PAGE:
Most Parents have “Big Concern” with Quality and Behavior of Youth Coaches
Costs, Time Commitment and Concussions also Issues
Results Announced at espnW: Women + Sports Summit
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A national survey of parents showing broad and often deep concern about a variety of key issues involving youth and athletics – though no issue drew more unease than the coaches who work with children – was released today at the espnW: Women + Sports Summit in Dana Point, Calif. Other concerns included concussion risks, an over-emphasis on winning and the costs of participation.
More than 8 in 10 parents with children old enough to play sports say they are concerned about the “quality or behavior” of youth coaches, with 61 percent calling it a “big concern,” according to results from an ESPN Sports Poll of households conducted during the month of September.
At the request of espnW and the Aspen Institute’s Sports & Society Program, the ESPN Sports Poll added a series of questions to its monthly panel that were specifically aimed at capturing the thoughts of parents and guardians of children age 18 and under, given falling participation rates in team sports among children and teens.
Among the findings of the espnW/Aspen Institute Project Play Survey of Parents:
- 7 in 10 parents have concerns about the both the time commitments and rising costs of participation in youth sports, which has seen escalation of private club teams and multi-season travel squads. Just over three in 10 parents call these issues a major concern.
- Two-thirds of parents say there’s “too much emphasis on winning over having fun,” with mothers and fathers sharing roughly equal concern.
- More than 87 percent of parents worry about the risk of injury, with concussion cited as the injury of most concern. A quarter of all parents have considered keeping their children from playing a sport due to fears about head injuries.
- By far, football is the sport that parents most worry about when it comes to concussion. Soccer is a distant second.
“There is a realization by parents that we have a significant problem on our hands,” said Matthew Geschke, executive director of the Laureus Sport for Good Foundation USA, which funds community sport programs. “I think they understand now that the trajectory we’re on is detrimental to their kids. They think these programs are expensive, they don’t think there’s any good coaching, they don’t see kids having enough fun, and they think they’re going to get hurt.”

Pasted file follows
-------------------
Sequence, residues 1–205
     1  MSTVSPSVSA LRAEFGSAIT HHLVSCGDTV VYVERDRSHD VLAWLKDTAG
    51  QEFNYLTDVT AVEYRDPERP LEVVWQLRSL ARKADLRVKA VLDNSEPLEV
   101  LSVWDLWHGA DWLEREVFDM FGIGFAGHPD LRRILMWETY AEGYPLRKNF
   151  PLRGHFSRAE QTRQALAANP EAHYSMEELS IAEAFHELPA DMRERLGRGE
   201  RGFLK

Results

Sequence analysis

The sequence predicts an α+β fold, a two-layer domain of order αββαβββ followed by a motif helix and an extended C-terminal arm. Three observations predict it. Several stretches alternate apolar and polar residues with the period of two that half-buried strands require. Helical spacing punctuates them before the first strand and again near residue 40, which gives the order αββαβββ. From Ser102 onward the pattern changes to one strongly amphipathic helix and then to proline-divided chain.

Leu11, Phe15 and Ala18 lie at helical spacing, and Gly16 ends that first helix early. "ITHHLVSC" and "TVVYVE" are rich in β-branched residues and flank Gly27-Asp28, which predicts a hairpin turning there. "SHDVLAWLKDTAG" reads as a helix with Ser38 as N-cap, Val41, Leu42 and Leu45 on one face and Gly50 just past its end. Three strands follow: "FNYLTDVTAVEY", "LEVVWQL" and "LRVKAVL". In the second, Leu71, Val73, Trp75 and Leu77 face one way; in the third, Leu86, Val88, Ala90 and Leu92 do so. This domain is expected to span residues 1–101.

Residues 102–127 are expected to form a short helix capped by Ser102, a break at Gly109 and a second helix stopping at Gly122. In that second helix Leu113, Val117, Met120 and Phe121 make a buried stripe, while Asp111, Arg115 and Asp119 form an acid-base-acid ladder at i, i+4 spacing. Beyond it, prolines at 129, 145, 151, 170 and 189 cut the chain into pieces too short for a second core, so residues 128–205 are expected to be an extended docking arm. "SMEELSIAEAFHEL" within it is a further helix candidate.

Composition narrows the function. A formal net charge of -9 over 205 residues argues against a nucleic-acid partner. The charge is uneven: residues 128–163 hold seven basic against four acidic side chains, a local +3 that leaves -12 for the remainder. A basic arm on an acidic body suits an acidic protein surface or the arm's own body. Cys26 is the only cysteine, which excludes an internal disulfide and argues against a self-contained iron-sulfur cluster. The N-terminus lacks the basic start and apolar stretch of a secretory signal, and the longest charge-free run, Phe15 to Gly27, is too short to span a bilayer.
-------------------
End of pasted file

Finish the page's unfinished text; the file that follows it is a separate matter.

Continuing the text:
The survey shows that mothers are overall more concerned about the state of youth sports than fathers, in most categories. The only feature that fathers have more concern about is youth coaching, and it’s significant – with 85.2 percent registering some level of dissatisfaction.
“Parents need to demand better training of coaches, and they need to demand it of themselves,” Geschke said. “If they’re going to sign up to be volunteer coaches, they need to know what that word means.”
The survey was requested as a means of informing an Aspen Institute Project Play roundtable discussion on how to bring the voice of mothers into the decisions made within youth sports programs. Project Play is an initiative of the Sports & Society Program, a thought leadership exercise designed to identify ideas that stakeholders can use to get and keep children active through sports. Participation in team sports among children ages 6-12 has declined from 44.5 percent in 2008 to 40 percent in 2013, according to the Sports & Fitness Industry Association, which conducts an annual survey of households to measure sport participation trends. Football has been beset with concerns related to concussions, but basketball, baseball and soccer, among other sports, have also seen double-digit declines in participation. Lacrosse and hockey have bucked the trend.
Mothers are more concerned about head injuries than fathers, according to the espnW/Aspen Institute Project Play survey. But 4 out of 10 fathers also identified it as their primary concern, higher than any other injury. The topic of concussion has been in the national conversation for several years, but has been magnified in the past week with the death of three high school football players – in Alabama, North Carolina and New York – possible due to football causes.
“Concussion is the injury du jour but it’s been a 10-year process of coming to consciousness about the risks,” said Anita DeFrantz, president of the LA84 Foundation, which funds youth sports programs in Southern California. “There’s this fear that parents have, and sometimes coaches do stupid things (in not mitigating concussion risks).”
In an effort to promote flag football as an alternative, the LA84 Foundation this year stopped funding youth football programs that sponsor tackle football for children before age nine. Of the 30 applications the foundation received, 20 programs were eliminated from consideration because of that grant criteria.
The overall sample of the ESPN Sports Poll was 1,511 Americans drawn by random sample, with data weighted by age, gender, race and income to match the overall characteristics of Americans 12 and older. From that sample, 21.3 percent were parents or guardians of children under 18 living in their homes (a total of 322 people with a general margin of error of 5.46%).
The survey shows that parents continue to see youth sports as a valuable institution, with more than 8 in 10 saying they still allow their child to join a team. But to Geschke, the results serve as a warning shot that further participation declines lay ahead if issues, including rising costs, are not addressed. Nearly 3 in 4 mothers expressed concern about costs.
“I don’t think the fathers are as worried about that because they’re not holding the purchasing power to the checkbooks,” Geschke said. “If you lose the mothers on that one, we’re done.”